Joshua Dubler has written a bold and provocative interpretation of one of the most religiously vibrant places in America -- a state penitentiary. We invite you to a presentation and discussion with the author.
Baraka, Al, Teddy, and Sayyid -- four black men from South Philadelphia, two Christian and two Muslim -- are serving life sentences in Pennsylvania's maximum-security Graterford Prison. All of them work in Graterford's chapel, a place that is at once a sanctuary for religious contemplation and an arena for disputing the workings of God and man. Day in, day out, everything is, in its twisted way, rather ordinary. And then one of them disappears.
Down in the Chapel tells the story of one week at Graterford Prison. We learn how the men at Graterford pass their time, care for themselves, and commune with their makers. We observe a variety of Muslims, Protestants, Catholics, and others, at prayer and in study and song. And we listen in as an interloping scholar of religion tries to make sense of it all.
When prisoners turn to God, they are often scorned as con artists who fake their piety, or pitied as wretches who cling to faith because faith is all they have left. Dubler goes beyond these stereotypes to show the religious life of a prison in all its complexity. One part prison procedural, one part philosophical investigation, Down in the Chapel explores the many uses prisoners make of their religions and weighs the circumstances that make these uses possible. Gritty and visceral, meditative and searching, it is an essential study of American religion in the age of mass incarceration.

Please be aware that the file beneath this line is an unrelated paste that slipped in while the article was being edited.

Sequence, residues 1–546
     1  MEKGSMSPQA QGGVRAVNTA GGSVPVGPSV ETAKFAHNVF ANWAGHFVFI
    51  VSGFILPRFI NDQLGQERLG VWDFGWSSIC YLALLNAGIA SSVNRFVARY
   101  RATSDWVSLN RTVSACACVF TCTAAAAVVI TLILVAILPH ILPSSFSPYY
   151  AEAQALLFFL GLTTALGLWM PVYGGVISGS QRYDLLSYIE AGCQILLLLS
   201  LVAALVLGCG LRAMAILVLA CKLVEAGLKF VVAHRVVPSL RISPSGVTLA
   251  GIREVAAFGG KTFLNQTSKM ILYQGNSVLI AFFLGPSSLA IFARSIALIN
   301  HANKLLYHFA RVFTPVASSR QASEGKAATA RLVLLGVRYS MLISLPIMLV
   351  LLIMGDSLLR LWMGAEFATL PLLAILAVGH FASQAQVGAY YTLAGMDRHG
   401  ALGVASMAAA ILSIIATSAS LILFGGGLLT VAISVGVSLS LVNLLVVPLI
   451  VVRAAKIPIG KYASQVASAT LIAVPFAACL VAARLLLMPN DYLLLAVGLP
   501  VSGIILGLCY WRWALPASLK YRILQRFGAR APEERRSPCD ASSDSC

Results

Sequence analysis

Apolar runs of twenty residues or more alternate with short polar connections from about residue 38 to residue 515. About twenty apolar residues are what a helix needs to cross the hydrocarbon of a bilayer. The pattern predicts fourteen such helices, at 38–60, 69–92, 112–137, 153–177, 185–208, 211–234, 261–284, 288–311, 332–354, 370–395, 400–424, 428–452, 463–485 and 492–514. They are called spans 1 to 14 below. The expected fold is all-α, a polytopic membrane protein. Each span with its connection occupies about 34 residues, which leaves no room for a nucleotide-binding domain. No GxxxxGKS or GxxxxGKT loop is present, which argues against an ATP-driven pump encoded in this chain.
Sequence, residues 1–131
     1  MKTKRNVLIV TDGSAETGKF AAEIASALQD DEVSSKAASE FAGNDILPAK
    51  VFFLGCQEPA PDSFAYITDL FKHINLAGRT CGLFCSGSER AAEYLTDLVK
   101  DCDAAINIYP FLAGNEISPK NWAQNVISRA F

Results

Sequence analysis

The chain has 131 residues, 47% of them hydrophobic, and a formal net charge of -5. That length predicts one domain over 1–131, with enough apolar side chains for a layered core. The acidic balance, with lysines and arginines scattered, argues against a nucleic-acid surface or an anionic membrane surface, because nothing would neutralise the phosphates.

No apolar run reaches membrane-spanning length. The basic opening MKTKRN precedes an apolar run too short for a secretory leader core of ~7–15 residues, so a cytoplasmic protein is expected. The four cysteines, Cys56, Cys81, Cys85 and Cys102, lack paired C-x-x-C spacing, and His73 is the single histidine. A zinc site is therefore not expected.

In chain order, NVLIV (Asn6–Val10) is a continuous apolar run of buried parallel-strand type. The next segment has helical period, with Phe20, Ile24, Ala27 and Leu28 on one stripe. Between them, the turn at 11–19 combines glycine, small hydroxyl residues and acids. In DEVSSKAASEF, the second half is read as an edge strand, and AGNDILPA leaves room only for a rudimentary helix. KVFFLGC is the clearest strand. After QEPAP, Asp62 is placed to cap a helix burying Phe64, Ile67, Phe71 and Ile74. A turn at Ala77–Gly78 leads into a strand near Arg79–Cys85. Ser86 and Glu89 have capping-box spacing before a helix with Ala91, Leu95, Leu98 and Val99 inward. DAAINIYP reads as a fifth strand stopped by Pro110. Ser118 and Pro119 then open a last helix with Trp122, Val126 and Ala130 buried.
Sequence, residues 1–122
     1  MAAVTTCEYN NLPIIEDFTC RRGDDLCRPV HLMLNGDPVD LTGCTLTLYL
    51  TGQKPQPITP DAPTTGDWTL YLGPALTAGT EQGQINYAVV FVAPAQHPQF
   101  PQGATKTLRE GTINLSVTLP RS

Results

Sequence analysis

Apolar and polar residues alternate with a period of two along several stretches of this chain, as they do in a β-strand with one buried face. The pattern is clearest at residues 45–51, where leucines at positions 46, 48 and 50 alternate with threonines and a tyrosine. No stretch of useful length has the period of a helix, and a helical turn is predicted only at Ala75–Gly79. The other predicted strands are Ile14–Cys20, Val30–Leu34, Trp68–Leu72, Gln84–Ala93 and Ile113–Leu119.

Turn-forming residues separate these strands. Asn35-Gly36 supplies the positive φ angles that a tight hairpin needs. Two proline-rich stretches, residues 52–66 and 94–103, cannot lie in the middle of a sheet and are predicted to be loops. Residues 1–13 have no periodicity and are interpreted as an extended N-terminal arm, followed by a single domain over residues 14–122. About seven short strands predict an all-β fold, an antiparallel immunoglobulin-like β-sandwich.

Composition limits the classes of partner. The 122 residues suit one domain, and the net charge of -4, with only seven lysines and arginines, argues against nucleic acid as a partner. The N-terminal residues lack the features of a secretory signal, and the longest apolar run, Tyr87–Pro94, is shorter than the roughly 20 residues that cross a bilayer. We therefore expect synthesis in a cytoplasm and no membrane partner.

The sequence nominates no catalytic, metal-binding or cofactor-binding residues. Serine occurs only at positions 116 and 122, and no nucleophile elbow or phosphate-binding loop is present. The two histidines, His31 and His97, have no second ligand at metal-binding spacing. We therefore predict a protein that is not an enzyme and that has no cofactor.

Joshua Dubler is an assistant professor of religion at the University of Rochester. He is coauthor of Bang! Thud: World Spirit from a Texas School Book Depository. Dubler has also taught at Haverford College, Columbia University, and Villanova's University Program at Graterford Prison.